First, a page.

ForeWord Reviews

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Her Immortal Soul

Foreword Review — Sept / Oct 2004

This books goes beyond the boundaries of its genre and creates a genre unto itself. The author blends spiritual awakening with fantasy and historical fiction, and in doing so creates something difficult to categorize.

Justine, a young girl of wealthy parents, does not want to engage in the conformity of other girls her age. She is a tomboy who adores her older brother and prefers to play his games than act like a lady. Justine’s world begins to fall apart when her brother goes off to fight a war and dies in battle. A Catholic priest, convinced that her brother wanted him to build a church on the family’s land, comes and changes the life of Justine and her mother. The priest accuses Justine’s mother of being a witch; when her mother is tried and killed, Justine must become the ward and mistress for a powerful prince. But this is only where the novel begins.

The story is broken into three parts. Part One is set in medieval Europe. The second part breaks from the historical novel genre, and sets itself apart as a fantasy that travels through different periods of history. A prince explains to Justine that she has the power to “change the way you look to people. You may appear old or young as you wish, simply by projecting the image you desire like a blanket around yourself.” From this point on, Justine begins a series of adventures with the prince, traversing different historical eras. Part Three is a New-Age novel about finding new life through spiritual resurrection; the narrator explains, at times poetically, who the prince really is, and how he has changed her life. What makes each of these parts unique is the way the prose is crafted. The style of writing varies so much that the first chapter almost seems to belong to a completely different novel than the final chapter.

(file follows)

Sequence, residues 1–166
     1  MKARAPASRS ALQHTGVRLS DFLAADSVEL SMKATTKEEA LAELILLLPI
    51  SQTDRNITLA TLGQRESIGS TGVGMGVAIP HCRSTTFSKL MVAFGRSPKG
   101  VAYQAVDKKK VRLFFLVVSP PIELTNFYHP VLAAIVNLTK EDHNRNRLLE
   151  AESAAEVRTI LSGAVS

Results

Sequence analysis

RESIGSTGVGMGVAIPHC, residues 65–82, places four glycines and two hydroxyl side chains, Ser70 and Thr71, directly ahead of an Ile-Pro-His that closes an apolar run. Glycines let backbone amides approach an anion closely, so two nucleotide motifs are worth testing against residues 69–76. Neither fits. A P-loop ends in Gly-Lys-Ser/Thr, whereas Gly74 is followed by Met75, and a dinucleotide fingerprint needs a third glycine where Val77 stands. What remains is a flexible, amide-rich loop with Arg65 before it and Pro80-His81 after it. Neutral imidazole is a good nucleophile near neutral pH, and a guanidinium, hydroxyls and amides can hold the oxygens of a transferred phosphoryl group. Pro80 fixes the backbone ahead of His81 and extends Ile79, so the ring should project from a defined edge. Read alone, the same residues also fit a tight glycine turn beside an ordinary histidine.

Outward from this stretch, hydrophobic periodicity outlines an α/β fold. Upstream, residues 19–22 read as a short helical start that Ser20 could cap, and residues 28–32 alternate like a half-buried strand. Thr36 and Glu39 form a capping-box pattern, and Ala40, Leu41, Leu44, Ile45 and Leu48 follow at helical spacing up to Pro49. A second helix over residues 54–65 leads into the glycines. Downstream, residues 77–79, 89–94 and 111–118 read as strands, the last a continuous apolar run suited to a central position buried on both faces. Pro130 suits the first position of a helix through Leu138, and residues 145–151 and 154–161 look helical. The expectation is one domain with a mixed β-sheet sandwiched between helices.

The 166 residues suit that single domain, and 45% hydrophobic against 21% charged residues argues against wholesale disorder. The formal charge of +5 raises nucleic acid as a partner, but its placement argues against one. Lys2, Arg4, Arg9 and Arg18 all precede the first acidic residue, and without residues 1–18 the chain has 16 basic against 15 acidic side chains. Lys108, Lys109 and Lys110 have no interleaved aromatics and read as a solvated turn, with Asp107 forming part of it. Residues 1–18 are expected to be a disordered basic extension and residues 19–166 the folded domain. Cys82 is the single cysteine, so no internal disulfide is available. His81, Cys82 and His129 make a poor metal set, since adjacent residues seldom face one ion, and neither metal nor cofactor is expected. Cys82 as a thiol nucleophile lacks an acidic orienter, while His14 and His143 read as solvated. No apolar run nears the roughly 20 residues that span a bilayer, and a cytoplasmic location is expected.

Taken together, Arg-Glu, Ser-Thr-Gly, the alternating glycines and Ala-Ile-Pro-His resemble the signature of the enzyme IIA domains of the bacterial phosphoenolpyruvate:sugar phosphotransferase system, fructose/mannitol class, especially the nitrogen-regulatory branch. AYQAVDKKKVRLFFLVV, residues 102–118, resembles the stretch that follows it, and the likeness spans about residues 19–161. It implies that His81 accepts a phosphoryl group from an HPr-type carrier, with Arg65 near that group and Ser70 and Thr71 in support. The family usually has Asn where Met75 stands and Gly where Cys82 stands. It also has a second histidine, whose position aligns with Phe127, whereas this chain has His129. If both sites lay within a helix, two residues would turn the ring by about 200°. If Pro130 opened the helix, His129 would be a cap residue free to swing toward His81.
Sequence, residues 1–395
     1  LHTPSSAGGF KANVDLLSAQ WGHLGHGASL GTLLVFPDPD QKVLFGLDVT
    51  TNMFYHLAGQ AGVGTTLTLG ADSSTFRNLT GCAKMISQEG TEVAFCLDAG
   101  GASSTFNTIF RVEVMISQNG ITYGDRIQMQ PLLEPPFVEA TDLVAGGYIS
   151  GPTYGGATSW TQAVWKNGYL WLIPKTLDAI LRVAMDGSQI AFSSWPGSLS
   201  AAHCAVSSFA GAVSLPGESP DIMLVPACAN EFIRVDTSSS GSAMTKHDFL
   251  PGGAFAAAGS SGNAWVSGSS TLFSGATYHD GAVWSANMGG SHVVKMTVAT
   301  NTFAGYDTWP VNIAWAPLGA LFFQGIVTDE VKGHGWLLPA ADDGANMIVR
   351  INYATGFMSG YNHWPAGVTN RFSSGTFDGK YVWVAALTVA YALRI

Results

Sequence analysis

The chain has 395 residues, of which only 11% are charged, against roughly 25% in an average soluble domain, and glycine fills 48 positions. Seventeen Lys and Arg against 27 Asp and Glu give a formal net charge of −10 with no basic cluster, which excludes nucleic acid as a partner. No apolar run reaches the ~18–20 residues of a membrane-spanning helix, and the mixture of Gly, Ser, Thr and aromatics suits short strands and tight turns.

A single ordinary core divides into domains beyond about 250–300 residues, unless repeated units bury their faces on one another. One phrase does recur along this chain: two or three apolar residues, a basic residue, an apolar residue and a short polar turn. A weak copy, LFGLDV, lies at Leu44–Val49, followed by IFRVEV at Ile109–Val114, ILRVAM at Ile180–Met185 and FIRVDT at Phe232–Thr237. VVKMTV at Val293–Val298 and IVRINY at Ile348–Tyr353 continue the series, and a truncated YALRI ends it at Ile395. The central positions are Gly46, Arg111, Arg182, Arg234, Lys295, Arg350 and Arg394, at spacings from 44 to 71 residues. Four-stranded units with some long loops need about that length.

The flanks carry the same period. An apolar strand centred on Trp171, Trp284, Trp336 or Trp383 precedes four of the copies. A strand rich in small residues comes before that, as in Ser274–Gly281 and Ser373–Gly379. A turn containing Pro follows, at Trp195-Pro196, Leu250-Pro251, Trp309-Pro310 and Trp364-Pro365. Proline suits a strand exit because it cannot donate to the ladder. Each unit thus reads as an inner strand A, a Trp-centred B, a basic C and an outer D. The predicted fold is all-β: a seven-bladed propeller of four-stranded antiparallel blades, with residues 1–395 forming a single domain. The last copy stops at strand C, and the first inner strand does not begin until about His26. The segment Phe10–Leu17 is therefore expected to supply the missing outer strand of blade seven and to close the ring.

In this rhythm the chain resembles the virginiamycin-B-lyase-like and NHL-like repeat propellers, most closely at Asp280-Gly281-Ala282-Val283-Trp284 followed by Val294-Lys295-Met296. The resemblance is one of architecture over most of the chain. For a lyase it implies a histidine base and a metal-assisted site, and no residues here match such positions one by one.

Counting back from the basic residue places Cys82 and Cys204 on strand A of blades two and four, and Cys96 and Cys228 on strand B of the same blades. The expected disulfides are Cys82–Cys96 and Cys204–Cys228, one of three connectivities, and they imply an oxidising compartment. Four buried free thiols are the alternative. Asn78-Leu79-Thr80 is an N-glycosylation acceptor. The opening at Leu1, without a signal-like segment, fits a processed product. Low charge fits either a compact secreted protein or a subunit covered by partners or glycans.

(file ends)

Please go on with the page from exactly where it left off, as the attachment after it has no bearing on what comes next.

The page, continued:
Longo is a new novelist, but her prose is quite poetic. She holds an MA in Humanities and Leadership with an emphasis in Creative Spirituality, which contributes to the spiritual force in the work. A master of the art of storytelling, she pulls readers into the story and keeps them reading by making them curious about where the novel is going to take them.

The title implies that this is a religious novel; it is not, at least in any traditional sense. The book, while promoting spiritualism, attacks the church and its believers by portraying them as heartless and greedy. There are also sex scenes that, while not graphic, might offend some readers.

Readers who enjoy spirituality without the boundaries of religion will enjoy this book. It eloquently shows how spiritual awakening is an ageless journey that goes beyond time and space, and creates a reality that can best be understood by those who have been through similar journeys.

Scott La Counte